By the early 1980s, however, when the Whitewater development proved to be less successful than its owners had hoped, Lot 7 was sold to outsiders. Ten years later, Wade, shortly after declaring personal bankruptcy, repurchased Lot 7, built a house on it and resold it to a Texas couple.

According to Wade's plea agreement, he declared bankruptcy in 1989 because four creditors were leaning on him to repay loans totaling $489,120. When Wade totaled his assets at bankruptcy, they added up to $371,213. But he now admits that he concealed about $100,000 worth of land he owned, some of which he later exchanged for Whitewater Lot 7.

Wade concealed his purchase of Lot 7 by using the name of John Lauramoore, a local contractor, as the purchaser. Lauramoore then borrowed money from a local bank on Wade's behalf. He took out two loans, one for $45,000 in June, 1991, and another one for $15,015 the following September.

To assist Lauramoore in borrowing the money, Wade signed a fraudulent appraisal of the lot in which he certified that he had no interest in the property.

Technically, Wade could be sentenced to up to five years and fined up to $250,000 for bankruptcy fraud, and as much as 30 years and $1 million for falsifying the loan application.

But in exchange for his cooperation in the Whitewater case, Starr agreed to recommend to the court that Wade serve no more than 16 months in jail, with the possibility of parole after only eight months.

Wade is the sixth person to plead guilty as a result of negotiations with the independent counsel investigating Whitewater. Unlike the others, however, Wade is the only one with any knowledge of the Clintons' real estate investment in Whitewater.

Wade, who has supplied the independent counsel with his own financial records dating to 1978, contends that he is being charged with crimes that would have gone unnoticed had Republicans not insisted on an investigation of the President's personal investments.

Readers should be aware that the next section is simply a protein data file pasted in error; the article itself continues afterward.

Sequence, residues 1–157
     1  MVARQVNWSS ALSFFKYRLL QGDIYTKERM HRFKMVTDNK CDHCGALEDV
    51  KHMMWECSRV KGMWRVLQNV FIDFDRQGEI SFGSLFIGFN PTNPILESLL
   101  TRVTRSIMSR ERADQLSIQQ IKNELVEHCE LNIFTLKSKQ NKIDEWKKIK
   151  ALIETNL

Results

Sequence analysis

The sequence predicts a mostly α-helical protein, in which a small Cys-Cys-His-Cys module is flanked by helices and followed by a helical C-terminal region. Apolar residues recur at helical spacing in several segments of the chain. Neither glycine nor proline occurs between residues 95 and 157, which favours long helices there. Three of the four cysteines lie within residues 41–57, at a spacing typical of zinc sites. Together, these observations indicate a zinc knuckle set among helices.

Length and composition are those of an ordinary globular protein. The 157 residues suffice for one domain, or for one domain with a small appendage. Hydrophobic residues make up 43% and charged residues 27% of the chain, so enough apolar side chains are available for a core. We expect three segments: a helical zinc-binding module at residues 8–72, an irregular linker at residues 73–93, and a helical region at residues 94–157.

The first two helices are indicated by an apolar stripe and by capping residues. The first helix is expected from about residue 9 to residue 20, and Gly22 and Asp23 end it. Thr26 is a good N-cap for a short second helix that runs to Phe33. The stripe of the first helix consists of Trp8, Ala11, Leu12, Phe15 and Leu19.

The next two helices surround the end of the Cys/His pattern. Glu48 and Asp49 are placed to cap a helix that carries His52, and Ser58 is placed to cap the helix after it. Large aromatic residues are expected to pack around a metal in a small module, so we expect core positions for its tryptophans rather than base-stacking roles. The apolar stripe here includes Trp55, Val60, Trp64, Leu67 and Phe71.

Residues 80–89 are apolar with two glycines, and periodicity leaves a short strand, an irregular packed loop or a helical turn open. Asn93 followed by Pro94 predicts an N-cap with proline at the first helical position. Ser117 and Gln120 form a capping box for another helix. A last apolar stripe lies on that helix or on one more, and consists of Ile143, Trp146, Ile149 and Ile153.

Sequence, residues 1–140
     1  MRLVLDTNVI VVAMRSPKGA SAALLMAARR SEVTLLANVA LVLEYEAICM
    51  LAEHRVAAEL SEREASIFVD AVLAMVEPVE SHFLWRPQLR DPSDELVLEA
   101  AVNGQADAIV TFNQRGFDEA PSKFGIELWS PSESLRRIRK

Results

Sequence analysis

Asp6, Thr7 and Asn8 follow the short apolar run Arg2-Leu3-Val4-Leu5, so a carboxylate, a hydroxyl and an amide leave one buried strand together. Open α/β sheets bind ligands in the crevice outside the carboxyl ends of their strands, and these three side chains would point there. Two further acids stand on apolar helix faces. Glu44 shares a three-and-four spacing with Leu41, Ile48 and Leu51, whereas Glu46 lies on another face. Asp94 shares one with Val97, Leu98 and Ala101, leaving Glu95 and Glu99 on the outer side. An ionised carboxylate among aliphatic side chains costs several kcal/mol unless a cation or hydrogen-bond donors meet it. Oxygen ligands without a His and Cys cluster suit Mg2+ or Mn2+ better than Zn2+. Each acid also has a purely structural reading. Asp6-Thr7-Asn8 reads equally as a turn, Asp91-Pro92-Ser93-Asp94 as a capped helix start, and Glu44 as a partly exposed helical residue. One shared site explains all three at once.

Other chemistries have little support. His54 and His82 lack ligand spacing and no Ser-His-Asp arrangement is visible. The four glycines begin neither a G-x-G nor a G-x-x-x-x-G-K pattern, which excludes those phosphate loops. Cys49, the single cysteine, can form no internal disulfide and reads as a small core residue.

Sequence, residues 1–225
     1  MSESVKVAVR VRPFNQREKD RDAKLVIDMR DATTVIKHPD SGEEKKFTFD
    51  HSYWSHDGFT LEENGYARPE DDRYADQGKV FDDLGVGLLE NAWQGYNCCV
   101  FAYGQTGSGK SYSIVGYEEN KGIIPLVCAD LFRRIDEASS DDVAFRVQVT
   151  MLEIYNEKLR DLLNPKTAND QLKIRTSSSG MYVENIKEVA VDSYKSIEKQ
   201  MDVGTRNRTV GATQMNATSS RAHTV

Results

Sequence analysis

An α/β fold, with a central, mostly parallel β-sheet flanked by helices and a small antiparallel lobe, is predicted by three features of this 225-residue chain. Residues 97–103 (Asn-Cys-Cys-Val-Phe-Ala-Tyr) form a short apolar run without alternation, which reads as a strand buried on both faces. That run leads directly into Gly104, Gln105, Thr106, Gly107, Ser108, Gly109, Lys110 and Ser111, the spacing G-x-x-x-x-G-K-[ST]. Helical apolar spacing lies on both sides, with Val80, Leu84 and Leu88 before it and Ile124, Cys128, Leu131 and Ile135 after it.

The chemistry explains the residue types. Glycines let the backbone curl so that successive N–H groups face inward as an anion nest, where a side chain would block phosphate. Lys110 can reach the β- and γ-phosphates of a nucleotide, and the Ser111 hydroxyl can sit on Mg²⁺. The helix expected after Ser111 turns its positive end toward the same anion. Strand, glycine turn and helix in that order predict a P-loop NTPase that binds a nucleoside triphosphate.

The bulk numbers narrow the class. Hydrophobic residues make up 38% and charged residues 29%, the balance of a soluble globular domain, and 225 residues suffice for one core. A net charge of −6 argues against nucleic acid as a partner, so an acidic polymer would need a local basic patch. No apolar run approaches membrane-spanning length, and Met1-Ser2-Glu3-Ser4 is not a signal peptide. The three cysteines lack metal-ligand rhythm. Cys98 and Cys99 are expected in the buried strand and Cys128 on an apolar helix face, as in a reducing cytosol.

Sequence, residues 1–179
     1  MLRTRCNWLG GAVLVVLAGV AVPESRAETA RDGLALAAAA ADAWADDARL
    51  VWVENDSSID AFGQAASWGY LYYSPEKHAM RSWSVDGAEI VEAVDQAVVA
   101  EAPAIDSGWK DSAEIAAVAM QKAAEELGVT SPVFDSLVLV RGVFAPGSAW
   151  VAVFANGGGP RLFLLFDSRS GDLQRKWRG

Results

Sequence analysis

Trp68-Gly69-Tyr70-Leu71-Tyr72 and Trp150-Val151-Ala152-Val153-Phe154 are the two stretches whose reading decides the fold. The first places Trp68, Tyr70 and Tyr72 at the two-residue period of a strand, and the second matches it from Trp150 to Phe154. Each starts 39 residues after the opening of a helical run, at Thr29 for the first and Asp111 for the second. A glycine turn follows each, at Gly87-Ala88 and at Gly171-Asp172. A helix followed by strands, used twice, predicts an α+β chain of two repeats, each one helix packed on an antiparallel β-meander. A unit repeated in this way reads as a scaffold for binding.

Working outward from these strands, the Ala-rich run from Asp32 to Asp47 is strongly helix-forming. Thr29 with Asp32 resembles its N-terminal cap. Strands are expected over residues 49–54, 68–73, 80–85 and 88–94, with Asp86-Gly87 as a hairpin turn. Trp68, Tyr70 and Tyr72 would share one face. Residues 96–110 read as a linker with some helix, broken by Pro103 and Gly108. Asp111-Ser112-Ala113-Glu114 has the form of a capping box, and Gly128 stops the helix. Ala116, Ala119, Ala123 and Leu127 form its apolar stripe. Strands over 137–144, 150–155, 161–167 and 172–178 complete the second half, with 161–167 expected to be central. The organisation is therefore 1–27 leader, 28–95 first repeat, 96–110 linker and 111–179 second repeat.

"I've got to go through all this because somebody wants Bill Clinton's job," he recently told the Washington Post.

As a result, Starr's action against Wade is likely to reinforce the prevailing view among Arkansans that the citizens of their state are being forced to suffer humiliation because of a government investigation designed to satisfy the curiosity of Clinton's political foes.

Among the others who are cooperating with Starr as part of plea agreements are former Justice Department official Webster L. Hubbell, a close Clinton friend and former law partner of Mrs. Clinton's who admitted overcharging his law firm $400,000 for expenses; Neal T. Ainley, a banker who said he helped conceal large bank withdrawals by Clinton's 1990 gubernatorial campaign, and David Hale, a former municipal judge who admitted using his small-business investment corporation to defraud the government.

For months, Starr has been expected to obtain indictments against some of the major players in the case, possibly including the McDougals and Arkansas Gov. Jim Guy Tucker. But sources say indictments have been delayed by plea negotiations with lesser figures.